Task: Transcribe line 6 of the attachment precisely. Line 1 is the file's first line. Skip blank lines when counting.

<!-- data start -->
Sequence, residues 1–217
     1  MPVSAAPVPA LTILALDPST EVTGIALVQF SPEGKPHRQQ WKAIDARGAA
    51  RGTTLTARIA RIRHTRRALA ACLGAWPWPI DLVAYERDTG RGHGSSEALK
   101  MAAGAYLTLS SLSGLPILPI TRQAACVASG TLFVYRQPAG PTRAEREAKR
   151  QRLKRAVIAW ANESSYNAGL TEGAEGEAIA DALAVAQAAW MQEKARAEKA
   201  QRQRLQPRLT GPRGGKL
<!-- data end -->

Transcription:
   201  QRQRLQPRLT GPRGGKL